Tronxy X1 3D printer review

A 3D printer for less than $100, how on earth is that possible?

(Image: © Ali Jennings)

TechRadar Verdict

The Tronxy X1 requires you to build the device itself but the build process is fairly straight forward. The resulting machine is decent although it lacks many features that have become standard on mainstream 3D printers.


  • +

    Incredibly cheap

  • +

    Produces average prints

  • +

    Fun to assemble


  • -

    Instructions need to be downloaded

  • -

    No spool holder

  • -

    Very basic features

Why you can trust TechRadar We spend hours testing every product or service we review, so you can be sure you’re buying the best. Find out more about how we test.

Cheap 3D printers are common and come in all shapes and sizes. Some are good, and some are far from it, so I was interested to see how the Tronxy X1 would fare. 

The printer arrives in the smallest box I have seen for a 3D printer, and the contents were relatively light. Opening up the box showed all the components carefully laid out inside, ready for assembly. 

Where to buy?

Gearbest sent us the Tronxy X1 sample and sells it for $99.99 at the time of writing when you use the coupon code V3C5D1885661D000 at checkout. Note that, while this price includes delivery, it is exclusive of any taxes that may be levied by HMRC or the courier companies on behalf of the vendor. Want to buy tech from online Chinese retailers? Read this first

The first catch is that there are no visible instructions, a quick route through the boxes sections and you find a small USB Key containing the software, manual and build instructions.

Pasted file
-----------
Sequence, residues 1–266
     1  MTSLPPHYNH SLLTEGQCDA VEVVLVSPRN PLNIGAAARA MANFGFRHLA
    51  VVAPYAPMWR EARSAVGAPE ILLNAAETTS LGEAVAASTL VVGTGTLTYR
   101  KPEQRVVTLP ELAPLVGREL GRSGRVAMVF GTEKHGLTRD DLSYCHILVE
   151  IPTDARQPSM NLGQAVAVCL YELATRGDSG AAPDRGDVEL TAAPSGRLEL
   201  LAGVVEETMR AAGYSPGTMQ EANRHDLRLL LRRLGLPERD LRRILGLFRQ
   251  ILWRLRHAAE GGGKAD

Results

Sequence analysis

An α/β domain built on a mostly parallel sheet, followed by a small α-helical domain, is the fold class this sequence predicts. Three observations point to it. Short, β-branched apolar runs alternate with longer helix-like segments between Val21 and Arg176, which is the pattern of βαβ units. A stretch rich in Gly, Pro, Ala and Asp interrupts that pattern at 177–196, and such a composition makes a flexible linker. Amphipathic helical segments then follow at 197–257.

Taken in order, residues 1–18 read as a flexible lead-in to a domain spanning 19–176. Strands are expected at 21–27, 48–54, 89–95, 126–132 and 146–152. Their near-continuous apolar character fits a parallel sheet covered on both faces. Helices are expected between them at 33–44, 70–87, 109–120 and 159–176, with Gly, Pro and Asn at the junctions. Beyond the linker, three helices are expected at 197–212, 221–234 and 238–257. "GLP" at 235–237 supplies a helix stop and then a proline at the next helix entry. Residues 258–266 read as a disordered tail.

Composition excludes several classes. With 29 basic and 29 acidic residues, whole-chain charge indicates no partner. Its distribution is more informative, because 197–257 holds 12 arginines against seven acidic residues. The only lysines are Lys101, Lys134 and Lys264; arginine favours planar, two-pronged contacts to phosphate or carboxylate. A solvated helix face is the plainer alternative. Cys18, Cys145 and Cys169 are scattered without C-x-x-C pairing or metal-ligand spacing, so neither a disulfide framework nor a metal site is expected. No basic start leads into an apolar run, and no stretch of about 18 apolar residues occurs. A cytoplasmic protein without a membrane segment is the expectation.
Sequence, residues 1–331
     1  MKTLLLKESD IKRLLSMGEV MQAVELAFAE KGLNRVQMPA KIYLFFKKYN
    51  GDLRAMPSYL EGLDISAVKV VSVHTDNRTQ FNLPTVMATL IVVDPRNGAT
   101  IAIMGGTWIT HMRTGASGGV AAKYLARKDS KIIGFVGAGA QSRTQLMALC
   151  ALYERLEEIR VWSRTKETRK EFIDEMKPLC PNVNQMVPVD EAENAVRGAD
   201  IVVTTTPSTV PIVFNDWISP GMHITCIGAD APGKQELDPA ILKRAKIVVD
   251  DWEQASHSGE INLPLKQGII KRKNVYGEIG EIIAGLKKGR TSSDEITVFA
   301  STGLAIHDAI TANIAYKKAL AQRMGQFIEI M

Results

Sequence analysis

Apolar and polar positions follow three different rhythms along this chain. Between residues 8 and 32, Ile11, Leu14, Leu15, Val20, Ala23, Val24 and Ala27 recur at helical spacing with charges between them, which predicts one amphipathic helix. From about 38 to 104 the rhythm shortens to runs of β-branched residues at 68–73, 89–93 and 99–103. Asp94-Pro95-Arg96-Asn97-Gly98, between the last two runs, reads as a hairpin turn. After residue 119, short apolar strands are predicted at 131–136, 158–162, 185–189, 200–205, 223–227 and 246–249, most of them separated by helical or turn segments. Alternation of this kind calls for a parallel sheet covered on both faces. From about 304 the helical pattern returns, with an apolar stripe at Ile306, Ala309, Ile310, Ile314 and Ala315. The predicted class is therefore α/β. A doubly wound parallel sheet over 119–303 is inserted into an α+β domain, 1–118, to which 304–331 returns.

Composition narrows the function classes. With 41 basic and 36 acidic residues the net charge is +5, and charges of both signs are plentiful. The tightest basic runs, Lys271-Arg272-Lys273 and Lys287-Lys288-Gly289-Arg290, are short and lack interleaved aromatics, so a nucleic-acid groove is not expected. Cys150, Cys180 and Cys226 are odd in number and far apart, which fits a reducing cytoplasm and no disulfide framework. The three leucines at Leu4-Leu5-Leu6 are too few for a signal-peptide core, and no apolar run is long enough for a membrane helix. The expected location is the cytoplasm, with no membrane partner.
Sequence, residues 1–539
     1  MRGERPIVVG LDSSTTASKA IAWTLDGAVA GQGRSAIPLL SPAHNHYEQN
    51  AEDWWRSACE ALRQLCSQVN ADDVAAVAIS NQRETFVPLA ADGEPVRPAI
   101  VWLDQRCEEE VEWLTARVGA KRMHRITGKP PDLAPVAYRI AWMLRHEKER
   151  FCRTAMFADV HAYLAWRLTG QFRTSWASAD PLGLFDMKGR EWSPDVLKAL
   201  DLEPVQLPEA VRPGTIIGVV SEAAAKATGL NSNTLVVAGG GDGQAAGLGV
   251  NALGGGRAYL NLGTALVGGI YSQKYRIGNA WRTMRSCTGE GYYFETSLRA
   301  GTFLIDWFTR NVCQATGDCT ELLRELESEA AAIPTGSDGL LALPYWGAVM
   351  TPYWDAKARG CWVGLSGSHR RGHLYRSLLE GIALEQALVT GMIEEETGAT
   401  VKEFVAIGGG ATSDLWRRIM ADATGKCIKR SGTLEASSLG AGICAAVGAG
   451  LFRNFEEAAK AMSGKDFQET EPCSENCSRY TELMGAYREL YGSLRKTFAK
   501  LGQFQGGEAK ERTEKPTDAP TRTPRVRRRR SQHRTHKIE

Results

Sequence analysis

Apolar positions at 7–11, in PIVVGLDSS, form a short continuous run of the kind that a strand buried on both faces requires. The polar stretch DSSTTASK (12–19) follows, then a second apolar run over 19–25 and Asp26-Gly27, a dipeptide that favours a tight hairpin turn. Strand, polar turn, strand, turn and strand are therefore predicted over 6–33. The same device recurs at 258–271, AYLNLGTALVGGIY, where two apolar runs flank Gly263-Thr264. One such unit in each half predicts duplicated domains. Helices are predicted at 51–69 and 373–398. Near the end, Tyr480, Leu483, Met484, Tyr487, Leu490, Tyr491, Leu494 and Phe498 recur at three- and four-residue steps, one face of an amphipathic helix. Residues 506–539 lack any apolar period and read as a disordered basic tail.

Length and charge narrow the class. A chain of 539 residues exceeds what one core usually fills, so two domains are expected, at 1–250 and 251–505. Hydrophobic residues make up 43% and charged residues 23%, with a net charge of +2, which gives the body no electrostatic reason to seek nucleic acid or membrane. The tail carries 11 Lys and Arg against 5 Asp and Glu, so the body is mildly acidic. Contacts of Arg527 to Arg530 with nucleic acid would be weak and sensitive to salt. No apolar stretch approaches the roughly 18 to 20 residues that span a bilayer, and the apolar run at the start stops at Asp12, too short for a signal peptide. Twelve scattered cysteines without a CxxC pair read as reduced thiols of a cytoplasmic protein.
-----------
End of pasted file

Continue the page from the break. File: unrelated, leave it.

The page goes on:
I've built quite a few 3D printers over the years, and as I laid out the parts, I could see that the overall design was well thought out and looked relatively simple to assemble. 

It's hard to believe a 3D printer could be bought at this price, even when you have to assemble it yourself. Only a build and test will show if the compact Tronxy X1 is worth the money as a 3D printer or it's merely a cheap way to buy some parts.

Arm side

(Image credit: Ali Jennings)


From the pictures online, it's instantly apparent that the Tronxy X1 has taken a slightly different approach to the standard 3D printer design. Like the much anticipated Original Prusa Mini, Tronxy has created a printer with an X-axis arm that's only supported at one end. 

This X-axis arm holds the print head and is where the majority of the 3D print action is centred.

We know that Prusa's skill and expertise at building 3D printers will ensure that the Original Prusa Mini will be first-rate when it comes to build quality, even if you assemble it yourself, but what of the Tronxy X1. 

The main construction of the printer itself is extruded aluminium tube, and it's solid. The base and other structural parts are made from thick acrylic or metal which promises excellent rigidity and strength.

Arm closeup

(Image credit: Ali Jennings)

The arm design, in this case, seems like a good option. It keeps things compact, and with all the braces and supports that are included once built, it did prove to be rock solid. 

Print head

(Image credit: Ali Jennings)

The print head is a standard single extrusion with just the hotend and fan mounted on the X-axis. The filament is fed through the extruder which is also mounted on the X-axis but inline with the Z column, presumably to provide better support and to cut down on vibration from the steppers at the printhead.